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Originally from Saline, Michael MacBride now calls Minnesota home but continues to write books set in and around Ann Arbor. Michael received his PhD in 19th century American and 18th century British Literature, and taught for a while, but has also held a number of odd jobs. He has delivered newspapers, worked for UPS, delivered pizzas, done collections at a bank, was a roadie for a country band, was a grant-writer and founder-researcher for non-profits, taught English, Literature, and Humanities courses at universities and colleges in Minnesota, New Hampshire, Ohio, and Illinois, and held a few other jobs in between. Regardless of what he was doing and when, the two consistent things in his life have been: writing and his intense curiosity. Michael has written academic books about pedagogy and cultural studies, non-fiction about LGBTIA+ history, contemporary "book club" fiction, speculative/science fiction, and a series of mid-grade interactive detective books.
When I was a kid, I wanted more than anything to be an actor. To tread the boards onstage, wowing audience members with my ability to slip seamlessly into a character. For a while, I realized that dream. I even had an agent, in St. Louis, Missouri, who got me some TV gigs, including an appearance on the Discovery Channel.
All that time, though, I was also writing stuff. And, it crawled further toward the front of my brain. I wrote and performed sketch comedy for about five years, in St. Louis, and when I moved back to Michigan. I wrote a zombie movie (which we made. It’s called “The Quirk and the Dead” and it’s on YouTube. Go watch it. It’s only 16 minutes. I can wait…Pretty good, huh? Thanks. So, eventually, the guy I was making movies with (Hi, Brian!) told me to stop sending him script after script after script and to turn them into short stories. Thank goodness he did, because it turns out I love doing this!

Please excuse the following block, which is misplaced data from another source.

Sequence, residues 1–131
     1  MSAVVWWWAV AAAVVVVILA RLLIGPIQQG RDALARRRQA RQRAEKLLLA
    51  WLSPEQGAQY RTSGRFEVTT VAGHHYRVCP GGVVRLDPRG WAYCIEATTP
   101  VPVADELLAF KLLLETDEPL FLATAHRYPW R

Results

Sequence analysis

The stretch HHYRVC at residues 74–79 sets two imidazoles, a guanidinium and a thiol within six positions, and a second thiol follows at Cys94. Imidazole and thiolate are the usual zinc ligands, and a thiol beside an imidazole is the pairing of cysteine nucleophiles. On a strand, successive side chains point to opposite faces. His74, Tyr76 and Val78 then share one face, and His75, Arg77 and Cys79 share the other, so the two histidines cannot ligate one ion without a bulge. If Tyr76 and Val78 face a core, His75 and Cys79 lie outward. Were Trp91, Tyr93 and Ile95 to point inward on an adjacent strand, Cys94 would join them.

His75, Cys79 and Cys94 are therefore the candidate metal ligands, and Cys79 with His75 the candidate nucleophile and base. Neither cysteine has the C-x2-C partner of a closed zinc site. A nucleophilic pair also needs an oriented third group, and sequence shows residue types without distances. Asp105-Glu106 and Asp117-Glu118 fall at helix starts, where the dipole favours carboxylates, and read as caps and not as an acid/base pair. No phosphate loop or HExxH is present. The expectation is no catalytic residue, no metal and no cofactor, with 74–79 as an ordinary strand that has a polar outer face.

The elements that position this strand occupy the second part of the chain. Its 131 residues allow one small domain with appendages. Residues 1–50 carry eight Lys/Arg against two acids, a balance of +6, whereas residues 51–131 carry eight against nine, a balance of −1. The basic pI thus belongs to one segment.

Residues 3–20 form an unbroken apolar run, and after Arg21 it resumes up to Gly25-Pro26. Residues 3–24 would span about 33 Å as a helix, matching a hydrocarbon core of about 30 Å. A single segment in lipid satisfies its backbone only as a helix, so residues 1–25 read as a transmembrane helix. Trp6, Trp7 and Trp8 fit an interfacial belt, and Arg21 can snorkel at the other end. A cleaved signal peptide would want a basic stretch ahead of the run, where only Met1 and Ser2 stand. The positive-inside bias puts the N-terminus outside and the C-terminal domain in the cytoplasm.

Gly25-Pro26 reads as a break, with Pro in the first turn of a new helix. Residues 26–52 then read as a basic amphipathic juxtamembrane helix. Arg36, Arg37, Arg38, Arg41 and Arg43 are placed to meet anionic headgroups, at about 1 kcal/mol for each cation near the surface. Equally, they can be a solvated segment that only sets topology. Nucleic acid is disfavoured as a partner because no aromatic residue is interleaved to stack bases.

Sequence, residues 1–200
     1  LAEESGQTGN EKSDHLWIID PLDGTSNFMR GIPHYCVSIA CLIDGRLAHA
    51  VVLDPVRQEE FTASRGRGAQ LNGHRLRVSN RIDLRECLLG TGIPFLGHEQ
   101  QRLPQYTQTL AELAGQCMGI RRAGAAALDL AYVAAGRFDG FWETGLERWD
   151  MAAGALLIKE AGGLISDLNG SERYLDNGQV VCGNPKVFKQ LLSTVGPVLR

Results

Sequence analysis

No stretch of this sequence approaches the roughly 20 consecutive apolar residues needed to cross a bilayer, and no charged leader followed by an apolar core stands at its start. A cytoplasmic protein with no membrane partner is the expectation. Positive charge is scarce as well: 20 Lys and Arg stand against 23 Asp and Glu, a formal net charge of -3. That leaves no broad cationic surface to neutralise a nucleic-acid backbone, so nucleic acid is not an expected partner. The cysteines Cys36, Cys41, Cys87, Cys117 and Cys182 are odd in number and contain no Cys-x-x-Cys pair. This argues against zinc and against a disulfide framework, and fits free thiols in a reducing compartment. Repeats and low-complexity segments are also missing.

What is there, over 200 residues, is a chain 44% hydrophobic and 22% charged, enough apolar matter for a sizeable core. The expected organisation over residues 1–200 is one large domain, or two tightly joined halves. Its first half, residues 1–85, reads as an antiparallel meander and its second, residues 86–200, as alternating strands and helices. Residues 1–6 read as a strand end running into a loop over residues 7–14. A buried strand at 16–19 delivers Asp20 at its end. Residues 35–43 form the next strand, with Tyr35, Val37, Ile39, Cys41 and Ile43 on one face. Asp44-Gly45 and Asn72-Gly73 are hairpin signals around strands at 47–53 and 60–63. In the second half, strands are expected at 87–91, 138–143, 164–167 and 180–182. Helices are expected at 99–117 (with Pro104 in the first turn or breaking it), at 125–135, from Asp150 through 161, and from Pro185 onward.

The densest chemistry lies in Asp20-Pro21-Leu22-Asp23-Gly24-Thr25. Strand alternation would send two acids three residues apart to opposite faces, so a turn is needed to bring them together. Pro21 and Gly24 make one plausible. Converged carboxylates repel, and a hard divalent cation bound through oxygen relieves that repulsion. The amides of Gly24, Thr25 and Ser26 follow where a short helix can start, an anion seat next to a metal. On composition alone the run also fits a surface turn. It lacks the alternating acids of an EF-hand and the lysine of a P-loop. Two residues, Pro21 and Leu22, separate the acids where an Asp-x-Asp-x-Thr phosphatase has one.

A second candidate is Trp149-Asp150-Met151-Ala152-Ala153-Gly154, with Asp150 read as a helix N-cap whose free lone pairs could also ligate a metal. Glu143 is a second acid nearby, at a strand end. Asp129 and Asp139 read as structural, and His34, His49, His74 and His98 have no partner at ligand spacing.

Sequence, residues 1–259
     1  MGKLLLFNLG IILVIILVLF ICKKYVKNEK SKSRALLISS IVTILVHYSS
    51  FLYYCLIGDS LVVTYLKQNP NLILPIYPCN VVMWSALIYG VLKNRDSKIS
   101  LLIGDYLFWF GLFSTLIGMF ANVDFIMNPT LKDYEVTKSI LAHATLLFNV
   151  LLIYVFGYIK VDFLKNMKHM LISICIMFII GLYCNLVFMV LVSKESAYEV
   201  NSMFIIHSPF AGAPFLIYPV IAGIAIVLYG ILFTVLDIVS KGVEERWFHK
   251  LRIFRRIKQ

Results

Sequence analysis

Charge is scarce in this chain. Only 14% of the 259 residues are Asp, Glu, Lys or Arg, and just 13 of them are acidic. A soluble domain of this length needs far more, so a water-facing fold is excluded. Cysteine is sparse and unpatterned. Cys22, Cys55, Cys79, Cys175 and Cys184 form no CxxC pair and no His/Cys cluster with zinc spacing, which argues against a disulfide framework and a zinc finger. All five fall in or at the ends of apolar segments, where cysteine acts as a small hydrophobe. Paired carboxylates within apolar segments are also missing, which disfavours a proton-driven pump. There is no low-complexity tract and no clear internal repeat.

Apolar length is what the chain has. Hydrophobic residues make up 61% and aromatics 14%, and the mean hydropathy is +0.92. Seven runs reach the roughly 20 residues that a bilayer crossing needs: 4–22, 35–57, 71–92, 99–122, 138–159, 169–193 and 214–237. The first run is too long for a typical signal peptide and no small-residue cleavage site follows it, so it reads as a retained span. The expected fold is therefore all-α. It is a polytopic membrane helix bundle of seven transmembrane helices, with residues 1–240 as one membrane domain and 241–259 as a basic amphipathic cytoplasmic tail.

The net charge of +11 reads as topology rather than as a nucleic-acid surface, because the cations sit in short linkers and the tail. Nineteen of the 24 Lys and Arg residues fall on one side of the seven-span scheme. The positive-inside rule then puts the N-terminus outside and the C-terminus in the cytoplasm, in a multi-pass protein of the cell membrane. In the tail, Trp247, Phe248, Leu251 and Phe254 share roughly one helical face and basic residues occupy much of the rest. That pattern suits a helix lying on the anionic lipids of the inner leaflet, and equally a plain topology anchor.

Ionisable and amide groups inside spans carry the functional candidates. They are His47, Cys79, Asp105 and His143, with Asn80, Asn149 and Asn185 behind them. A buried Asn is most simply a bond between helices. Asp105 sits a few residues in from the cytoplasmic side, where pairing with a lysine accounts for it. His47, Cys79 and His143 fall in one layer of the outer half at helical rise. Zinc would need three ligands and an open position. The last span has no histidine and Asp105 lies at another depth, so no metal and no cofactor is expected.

Kenneth J. MacLean is a freelance editor and writer who is interested in spirituality, politics, and geometry. He is the author of 11 books, including a math/geometry textbook on 3-dimensional geometric figures called polyhedra.
Ken has learned that the common denominator of all human beings is a divine presence that transcends cultural and religious backgrounds. This understanding is reflected in all of his work.
Sarah Magee is an inveterate traveler, unabashed globalist, and firm believer in always eating dessert first. It is never too early for ice cream. She is a master packer of suitcases and lifelong Michigander. I Never Said I Love You is her literary debut.
Patricia Majher is a museum professional and an author of three books on Michigan history as well as a tour guide focused on her adopted hometown, Ann Arbor. One of her history books -- Great Girls in Michigan History -- won a Michigan Notable Book Award in 2016. Majher is also a past editor of Michigan History magazine, and a graduate of Central Michigan University (BA journalism) and Eastern Michigan University (MS historic preservation, emphasis on museum studies). She operates a museum consulting business called Majher Museum Marketing.